Saudis will resume $3bn military grant, says Ex president Suleiman


Former Lebanese president Michel Suleiman
Former Lebanese president Michel Suleiman
Former Lebanese President Michel Suleiman said that Saudi Arabia will resume the $3 billion grant it pledged to rearm the Lebanese army with French weapons.

Suleiman announced the news in a post to his official Twitter account.

This development comes after reports said that President Michel Aoun’s first foreign trip will be to Saudi Arabia where he intends to push for the reactivation of the Saudi multi billion dollar grant to arm the Lebanese army.

The 3 billion dollar grant for the armament of the Lebanese army with French weapons was suspended last year by the kingdom in protest against the Lebanese government reaction to the burning of the Saudi embassy in Tehran and another Saudi consult in Iran.

Analysts are not sure about the bases of Salesman’s prediction . Whether Aoun will be able to convince the Saudi’s to reactivate the grants is a huge challenge for the newly elected president and boils down to trust according to analysts, because he has been allied with Hezbollah for over 10 years and its is because of Hezbollah and Iran the Saudi’s scrapped the grant.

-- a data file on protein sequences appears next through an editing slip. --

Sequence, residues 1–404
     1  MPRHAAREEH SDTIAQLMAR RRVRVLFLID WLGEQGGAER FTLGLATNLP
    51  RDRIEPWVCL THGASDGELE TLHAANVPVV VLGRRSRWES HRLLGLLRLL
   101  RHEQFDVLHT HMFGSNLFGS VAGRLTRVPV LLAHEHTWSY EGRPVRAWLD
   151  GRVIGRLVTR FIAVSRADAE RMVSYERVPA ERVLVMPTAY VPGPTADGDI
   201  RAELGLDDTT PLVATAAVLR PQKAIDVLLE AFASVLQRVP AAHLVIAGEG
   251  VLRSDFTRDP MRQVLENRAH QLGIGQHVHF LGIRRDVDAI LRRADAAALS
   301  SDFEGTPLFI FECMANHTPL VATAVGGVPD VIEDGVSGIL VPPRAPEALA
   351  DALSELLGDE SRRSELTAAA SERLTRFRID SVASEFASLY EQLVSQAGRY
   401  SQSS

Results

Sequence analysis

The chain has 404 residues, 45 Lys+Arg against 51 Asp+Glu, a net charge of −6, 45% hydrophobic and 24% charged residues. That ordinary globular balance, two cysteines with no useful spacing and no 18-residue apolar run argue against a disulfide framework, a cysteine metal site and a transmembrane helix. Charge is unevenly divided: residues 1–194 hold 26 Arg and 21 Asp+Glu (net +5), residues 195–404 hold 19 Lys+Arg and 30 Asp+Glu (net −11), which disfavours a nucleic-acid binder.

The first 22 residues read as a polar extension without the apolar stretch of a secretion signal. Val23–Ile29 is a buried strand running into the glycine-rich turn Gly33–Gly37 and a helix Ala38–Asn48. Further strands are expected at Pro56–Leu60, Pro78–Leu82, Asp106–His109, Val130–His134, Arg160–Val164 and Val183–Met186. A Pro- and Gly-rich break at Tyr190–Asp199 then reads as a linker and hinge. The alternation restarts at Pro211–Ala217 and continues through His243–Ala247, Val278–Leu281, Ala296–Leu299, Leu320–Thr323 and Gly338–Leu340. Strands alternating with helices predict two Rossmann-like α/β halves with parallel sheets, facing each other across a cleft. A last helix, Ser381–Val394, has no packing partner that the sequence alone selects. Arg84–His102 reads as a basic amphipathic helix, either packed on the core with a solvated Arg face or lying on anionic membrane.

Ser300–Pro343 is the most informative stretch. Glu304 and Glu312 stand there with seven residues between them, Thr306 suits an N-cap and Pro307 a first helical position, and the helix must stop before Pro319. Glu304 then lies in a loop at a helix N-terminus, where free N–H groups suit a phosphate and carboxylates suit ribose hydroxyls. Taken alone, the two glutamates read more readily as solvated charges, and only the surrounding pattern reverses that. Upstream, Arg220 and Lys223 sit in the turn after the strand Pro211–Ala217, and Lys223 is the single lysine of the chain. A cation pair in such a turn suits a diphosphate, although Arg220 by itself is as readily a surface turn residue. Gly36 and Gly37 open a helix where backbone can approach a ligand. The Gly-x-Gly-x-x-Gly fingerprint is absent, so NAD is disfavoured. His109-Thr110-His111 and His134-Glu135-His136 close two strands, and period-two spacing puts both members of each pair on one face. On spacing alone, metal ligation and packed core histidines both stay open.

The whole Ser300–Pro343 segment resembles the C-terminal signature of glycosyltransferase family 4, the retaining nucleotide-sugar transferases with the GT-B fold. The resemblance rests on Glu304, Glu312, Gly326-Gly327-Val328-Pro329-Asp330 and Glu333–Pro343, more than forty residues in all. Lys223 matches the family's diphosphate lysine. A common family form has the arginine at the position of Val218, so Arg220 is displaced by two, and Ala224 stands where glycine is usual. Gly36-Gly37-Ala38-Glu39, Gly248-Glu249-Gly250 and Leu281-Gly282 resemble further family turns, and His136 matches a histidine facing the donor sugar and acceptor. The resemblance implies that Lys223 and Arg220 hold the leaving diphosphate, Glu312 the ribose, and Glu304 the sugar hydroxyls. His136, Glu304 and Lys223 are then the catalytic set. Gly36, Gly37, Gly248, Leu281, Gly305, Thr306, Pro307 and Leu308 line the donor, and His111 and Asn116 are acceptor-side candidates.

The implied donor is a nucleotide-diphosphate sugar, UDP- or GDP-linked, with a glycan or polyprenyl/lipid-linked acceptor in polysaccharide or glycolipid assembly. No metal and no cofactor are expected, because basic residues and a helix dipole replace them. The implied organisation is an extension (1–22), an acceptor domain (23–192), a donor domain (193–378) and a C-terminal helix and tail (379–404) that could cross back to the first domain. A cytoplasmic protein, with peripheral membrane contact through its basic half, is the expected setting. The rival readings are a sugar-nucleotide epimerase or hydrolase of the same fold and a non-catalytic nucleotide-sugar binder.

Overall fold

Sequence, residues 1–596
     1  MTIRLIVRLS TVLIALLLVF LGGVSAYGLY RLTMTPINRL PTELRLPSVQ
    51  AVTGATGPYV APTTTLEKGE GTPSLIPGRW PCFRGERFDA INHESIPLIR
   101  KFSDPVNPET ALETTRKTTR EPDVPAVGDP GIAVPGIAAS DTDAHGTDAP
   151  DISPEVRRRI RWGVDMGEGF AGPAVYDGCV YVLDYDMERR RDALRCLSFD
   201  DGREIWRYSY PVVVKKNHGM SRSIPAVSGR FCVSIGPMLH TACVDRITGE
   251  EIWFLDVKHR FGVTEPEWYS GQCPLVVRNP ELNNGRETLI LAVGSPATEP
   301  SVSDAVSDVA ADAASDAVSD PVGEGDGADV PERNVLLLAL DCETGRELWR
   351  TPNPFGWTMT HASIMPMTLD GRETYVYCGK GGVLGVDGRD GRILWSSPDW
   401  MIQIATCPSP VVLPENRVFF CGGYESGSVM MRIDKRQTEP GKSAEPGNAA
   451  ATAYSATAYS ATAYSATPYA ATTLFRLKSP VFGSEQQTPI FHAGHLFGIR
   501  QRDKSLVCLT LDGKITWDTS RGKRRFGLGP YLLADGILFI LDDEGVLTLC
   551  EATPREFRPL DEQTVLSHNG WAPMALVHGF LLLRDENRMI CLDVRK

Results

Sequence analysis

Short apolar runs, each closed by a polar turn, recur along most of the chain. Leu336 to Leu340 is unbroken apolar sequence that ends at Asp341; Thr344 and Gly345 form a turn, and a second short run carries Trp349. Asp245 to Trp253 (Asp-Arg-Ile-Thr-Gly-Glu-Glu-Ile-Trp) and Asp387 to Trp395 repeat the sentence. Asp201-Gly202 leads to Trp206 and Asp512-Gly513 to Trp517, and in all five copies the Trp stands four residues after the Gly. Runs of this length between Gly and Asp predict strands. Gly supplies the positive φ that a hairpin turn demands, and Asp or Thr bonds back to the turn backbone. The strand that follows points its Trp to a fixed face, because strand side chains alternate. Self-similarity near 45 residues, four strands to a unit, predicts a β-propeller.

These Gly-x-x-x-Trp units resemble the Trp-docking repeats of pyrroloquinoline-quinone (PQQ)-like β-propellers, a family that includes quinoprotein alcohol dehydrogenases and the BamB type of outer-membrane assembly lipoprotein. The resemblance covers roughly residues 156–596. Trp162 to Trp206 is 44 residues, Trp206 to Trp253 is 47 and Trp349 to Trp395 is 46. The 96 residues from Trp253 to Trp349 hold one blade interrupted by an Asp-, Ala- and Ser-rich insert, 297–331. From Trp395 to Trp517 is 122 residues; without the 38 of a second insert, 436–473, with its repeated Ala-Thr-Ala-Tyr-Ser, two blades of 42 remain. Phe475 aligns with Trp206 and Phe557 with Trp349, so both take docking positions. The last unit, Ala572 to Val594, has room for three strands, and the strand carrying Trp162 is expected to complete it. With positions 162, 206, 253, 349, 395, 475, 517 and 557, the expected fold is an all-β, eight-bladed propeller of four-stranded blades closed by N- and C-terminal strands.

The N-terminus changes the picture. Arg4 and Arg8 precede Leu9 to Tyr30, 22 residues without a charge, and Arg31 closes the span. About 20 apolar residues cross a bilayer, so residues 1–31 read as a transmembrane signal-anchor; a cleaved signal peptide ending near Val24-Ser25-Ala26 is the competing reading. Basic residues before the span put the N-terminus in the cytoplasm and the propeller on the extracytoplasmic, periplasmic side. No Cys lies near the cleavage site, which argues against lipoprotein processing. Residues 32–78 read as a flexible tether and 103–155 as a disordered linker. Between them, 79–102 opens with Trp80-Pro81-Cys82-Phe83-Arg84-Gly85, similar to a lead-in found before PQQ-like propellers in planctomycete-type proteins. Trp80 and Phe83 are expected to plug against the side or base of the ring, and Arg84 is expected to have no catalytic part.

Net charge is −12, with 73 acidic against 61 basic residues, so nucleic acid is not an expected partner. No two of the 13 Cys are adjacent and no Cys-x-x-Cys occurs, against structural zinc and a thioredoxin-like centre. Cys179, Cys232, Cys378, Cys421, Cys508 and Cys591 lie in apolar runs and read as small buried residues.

Last February Saudi Arabia suspended the $3 billion grant for military supplies to the Lebanese army plus another $1 billion for supplies to the Lebanese security forces in response to the diplomatic stance by the Lebanese foreign ministry which was and continues to be headed by Aoun’s son-in-law Foreign minister Gebran Bassil.

Analysts are of the opinion that Saudi Arabia is concerned that Aoun, being a close ally of Hezbollah may allow the party to use some of the weapons in its war in nearby Syria where the militant group is helping the Syrian dictator Bashar al Assad against the Saudi backed rebels .

According to reports that circulated today Hezbollah displayed in the Syrian city of Qusayr on Friday In its first-ever military parade on foreign soil, American equipment similar to those provided to the Lebanese army.

Hezbollah was created by Iran around 1982 and continues to be financially and politically backed by it. Iran remains Saudi Arabia’s regional rival , with whom relations have worsened this year.

Riyadh severed its diplomatic ties with Tehran in January after demonstrators stormed its embassy and a consulate and set them on fire following the Saudi execution of an Iranian backed Saudi Shiite cleric and activist.